Failure to Guard Machinery Still Happens

Amputations and other horrible injuries the result of missing or improperly installed safety devices

Akron, Ohio, was an industrial powerhouse for many years and was particularly associated with the rubber and tire industry. In fact, Akron was the rubber capital of the world. In the years following World War II, it was still home to four of the five largest tire manufacturers in the country. By the 1990s, however, the tire and rubber industry was in decline in Akron. Employment in the industry had fallen by 75 percent, according to a study conducted by the Brookings Institution in 2007.

Today, there is only one tire company in Akron, and the economy is much more diversified. Healthcare and wholesale trade provide significant employment. However, even with the decline of heavy industry in Akron, there continue to be many small and medium-sized manufacturing plants. One of the consequences of the continuing existence of manufacturing in Akron and in Northeast Ohio is the prevalence of industrial accidents. Some of these accidents are not really accidents at all. Rather, they are a consequence of a failure by the employer to place machinery guards to prevent workers from being pulled into machines.

Occupational Safety and Health Administration (OSHA) has fined at least four northeast Ohio companies in the past few years for failure to guard machinery — TimkenSteel (Canton), Gaspar Inc. (Canton), Case Farms (Winesburg) and Cleveland Track Material (Cleveland). These companies and others like them failed to train employees in the correct use of machine guards, or removed or allowed employees to remove the machine guards altogether. In the case of Cleveland Track Material, the lack of a machine guard resulted in a worker’s death.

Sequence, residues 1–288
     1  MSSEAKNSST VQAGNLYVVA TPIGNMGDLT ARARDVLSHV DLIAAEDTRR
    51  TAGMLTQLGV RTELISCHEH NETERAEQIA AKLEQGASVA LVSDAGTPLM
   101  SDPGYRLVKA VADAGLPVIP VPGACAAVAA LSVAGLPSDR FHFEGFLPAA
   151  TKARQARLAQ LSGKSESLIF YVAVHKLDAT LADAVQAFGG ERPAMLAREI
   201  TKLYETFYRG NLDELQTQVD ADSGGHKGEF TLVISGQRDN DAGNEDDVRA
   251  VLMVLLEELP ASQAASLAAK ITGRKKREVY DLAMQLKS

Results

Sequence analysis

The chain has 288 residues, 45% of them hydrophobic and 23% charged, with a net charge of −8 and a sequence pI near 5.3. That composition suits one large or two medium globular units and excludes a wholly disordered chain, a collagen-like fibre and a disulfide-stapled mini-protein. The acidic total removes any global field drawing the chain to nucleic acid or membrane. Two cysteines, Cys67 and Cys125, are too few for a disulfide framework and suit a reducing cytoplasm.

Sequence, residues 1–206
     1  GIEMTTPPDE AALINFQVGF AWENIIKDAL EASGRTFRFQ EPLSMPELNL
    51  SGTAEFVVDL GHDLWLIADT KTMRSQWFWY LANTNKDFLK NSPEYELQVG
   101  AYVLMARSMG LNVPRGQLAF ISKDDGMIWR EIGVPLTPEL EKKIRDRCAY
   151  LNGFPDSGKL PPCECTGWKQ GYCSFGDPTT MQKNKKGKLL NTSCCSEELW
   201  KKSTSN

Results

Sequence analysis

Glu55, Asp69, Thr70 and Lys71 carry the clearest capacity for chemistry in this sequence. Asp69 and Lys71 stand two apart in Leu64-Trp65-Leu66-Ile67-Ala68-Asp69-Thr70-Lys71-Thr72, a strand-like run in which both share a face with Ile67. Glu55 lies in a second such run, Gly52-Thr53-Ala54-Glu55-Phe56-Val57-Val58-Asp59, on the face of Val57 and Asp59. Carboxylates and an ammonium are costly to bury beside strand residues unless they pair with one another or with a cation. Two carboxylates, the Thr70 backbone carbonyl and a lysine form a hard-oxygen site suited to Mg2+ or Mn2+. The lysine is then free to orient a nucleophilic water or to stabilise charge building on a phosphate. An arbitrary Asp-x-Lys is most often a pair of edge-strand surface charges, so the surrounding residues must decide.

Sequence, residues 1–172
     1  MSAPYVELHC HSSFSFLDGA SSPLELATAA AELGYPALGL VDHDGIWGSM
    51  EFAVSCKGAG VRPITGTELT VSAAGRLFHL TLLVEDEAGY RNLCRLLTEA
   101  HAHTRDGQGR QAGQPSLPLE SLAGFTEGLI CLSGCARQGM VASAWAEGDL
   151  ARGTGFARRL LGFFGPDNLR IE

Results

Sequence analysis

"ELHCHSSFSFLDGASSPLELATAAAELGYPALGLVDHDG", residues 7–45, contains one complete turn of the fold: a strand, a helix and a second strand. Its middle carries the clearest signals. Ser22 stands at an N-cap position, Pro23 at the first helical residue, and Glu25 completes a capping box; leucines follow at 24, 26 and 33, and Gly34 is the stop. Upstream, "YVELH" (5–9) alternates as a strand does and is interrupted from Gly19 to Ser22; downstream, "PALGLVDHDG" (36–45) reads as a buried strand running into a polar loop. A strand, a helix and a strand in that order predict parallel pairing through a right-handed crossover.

Northeast Ohio is not alone when it comes to industrial accidents caused by missing or defective machine guards. Last year, a worker died at a Mississippi saw mill when he was pulled into an unguarded conveyor. A woman in Springfield, Oregon, was severely injured when her hand was pulled into an unguarded meat tenderizing machine. A worker at a Louisiana packaging plant was seriously injured when his hand was caught in a moving printing press. In May 2015, a Pennsylvania duct manufacturer faced $1 million OSHA fines between 2000 and last year for failing to guard machines that caused severe injuries when employees’ extremities and clothing were caught. In a telling incident, the owner of the plant told OSHA inspectors that placing guards on machines slowed production.

And what of the tire industry? Although the tire industry in Ohio and the U.S. is smaller than in the past, injuries continue. One tire plant worker in Findlay, Ohio, said that between 2006 and 2011 several workers had died after being pulled into unguarded machines. Other types of injuries common in tire plants in Ohio and elsewhere today are caused by fires, and toxic exposure.

In general, it is difficult for workers in Ohio to sue their employers for damages after a workplace accident. However, failure to guard machinery is one of the few instances in which workers are eligible to take legal action against employers for damages. Despite the challenges, if you were injured or a loved one was killed because of an employer’s failure to provide safety guards, speak with an Ohio lawyer who understands these cases. You may be eligible to seek compensation for your injuries and losses.